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Publication Detail
The non-lemniscal auditory cortex in ferrets: convergence of corticotectal inputs in the superior colliculus.
  • Publication Type:
    Journal article
  • Publication Sub Type:
    Journal Article
  • Authors:
    Bajo VM, Nodal FR, Bizley JK, King AJ
  • Publication date:
    2010
  • Pagination:
    18, ?
  • Journal:
    Front Neuroanat
  • Volume:
    4
  • Status:
    Published online
  • Country:
    Switzerland
  • Language:
    eng
  • Keywords:
    auditory cortical fields, corticofugal input, multisensory integration, neural tracers, orientation behavior, sound localization
Abstract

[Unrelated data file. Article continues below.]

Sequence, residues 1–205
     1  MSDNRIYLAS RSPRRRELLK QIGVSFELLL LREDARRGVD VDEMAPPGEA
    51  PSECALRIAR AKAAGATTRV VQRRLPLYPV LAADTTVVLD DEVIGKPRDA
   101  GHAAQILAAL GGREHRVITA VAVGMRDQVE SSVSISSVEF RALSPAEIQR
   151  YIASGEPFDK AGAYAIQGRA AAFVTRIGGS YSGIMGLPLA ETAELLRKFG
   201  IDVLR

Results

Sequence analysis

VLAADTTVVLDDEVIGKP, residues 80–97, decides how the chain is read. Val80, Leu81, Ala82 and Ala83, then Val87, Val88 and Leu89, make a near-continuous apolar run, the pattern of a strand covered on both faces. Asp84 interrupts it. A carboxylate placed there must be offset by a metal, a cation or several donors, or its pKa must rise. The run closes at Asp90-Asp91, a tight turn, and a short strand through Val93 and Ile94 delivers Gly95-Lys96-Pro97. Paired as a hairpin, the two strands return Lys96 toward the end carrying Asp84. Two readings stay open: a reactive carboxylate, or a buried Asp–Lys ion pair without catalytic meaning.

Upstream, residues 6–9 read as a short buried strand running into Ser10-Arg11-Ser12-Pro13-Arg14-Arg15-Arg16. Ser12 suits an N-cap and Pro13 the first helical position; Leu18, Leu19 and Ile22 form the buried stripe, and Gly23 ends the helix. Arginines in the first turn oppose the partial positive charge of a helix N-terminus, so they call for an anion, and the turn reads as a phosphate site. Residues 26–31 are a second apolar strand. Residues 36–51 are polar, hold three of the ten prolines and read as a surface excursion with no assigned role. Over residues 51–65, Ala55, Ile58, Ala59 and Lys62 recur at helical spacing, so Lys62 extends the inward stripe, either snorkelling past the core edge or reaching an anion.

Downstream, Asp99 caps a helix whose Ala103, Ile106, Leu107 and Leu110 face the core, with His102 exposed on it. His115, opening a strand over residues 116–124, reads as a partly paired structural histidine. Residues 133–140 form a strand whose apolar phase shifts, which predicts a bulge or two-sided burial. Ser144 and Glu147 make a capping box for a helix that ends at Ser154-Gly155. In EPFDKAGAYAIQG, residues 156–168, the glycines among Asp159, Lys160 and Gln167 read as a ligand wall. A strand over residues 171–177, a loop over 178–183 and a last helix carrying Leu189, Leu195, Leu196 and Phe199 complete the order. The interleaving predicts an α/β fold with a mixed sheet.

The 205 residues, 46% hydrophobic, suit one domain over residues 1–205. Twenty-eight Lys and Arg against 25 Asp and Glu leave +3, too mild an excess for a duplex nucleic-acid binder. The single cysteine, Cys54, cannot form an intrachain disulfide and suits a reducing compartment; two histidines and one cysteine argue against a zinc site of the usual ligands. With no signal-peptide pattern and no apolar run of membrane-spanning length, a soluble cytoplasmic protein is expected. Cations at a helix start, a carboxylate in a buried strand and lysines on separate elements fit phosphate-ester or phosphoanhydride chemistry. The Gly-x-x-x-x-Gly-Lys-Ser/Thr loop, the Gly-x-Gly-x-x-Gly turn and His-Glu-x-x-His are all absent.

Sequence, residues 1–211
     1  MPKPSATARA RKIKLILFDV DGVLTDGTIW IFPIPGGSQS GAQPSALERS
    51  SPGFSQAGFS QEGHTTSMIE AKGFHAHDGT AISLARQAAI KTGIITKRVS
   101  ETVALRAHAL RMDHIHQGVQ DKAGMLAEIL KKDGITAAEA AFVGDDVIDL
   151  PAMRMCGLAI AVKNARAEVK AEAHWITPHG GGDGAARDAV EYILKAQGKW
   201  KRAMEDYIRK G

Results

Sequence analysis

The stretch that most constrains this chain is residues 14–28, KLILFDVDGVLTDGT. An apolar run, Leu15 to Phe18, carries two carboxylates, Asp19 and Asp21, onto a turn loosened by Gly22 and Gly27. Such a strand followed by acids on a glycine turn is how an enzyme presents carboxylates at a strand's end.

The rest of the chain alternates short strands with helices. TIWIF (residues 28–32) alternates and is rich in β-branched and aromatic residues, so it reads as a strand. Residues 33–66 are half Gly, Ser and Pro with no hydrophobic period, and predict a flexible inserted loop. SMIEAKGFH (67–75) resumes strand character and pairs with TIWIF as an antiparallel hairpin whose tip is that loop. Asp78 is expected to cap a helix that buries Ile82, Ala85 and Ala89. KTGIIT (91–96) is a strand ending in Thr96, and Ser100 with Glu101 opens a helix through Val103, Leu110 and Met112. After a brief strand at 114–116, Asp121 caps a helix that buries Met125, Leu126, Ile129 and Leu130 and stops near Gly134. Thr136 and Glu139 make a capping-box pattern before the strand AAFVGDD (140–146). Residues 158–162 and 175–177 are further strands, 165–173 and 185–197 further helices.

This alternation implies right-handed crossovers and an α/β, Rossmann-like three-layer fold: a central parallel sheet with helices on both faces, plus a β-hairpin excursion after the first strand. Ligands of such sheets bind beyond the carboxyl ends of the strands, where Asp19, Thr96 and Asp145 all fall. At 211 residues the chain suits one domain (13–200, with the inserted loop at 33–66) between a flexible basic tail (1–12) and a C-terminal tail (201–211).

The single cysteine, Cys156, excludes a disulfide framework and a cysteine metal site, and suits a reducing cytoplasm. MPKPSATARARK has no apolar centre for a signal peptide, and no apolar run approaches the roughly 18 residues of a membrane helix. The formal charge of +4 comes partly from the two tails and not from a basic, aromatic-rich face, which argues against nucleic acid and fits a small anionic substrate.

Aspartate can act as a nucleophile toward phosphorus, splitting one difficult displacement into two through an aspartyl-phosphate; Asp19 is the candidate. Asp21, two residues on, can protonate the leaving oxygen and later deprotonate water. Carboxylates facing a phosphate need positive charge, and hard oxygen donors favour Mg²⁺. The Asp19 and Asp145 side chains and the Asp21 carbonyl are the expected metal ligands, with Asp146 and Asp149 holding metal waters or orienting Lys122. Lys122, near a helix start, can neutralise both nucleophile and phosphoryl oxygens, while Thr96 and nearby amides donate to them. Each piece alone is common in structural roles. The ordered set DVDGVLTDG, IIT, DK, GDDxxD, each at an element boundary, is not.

Descending cortical inputs to the superior colliculus (SC) contribute to the unisensory response properties of the neurons found there and are critical for multisensory integration. However, little is known about the relative contribution of different auditory cortical areas to this projection or the distribution of their terminals in the SC. We characterized this projection in the ferret by injecting tracers in the SC and auditory cortex. Large pyramidal neurons were labeled in layer V of different parts of the ectosylvian gyrus after tracer injections in the SC. Those cells were most numerous in the anterior ectosylvian gyrus (AEG), and particularly in the anterior ventral field, which receives both auditory and visual inputs. Labeling was also found in the posterior ectosylvian gyrus (PEG), predominantly in the tonotopically organized posterior suprasylvian field. Profuse anterograde labeling was present in the SC following tracer injections at the site of acoustically responsive neurons in the AEG or PEG, with terminal fields being both more prominent and clustered for inputs originating from the AEG. Terminals from both cortical areas were located throughout the intermediate and deep layers, but were most concentrated in the posterior half of the SC, where peripheral stimulus locations are represented. No inputs were identified from primary auditory cortical areas, although some labeling was found in the surrounding sulci. Our findings suggest that higher level auditory cortical areas, including those involved in multisensory processing, may modulate SC function via their projections into its deeper layers.
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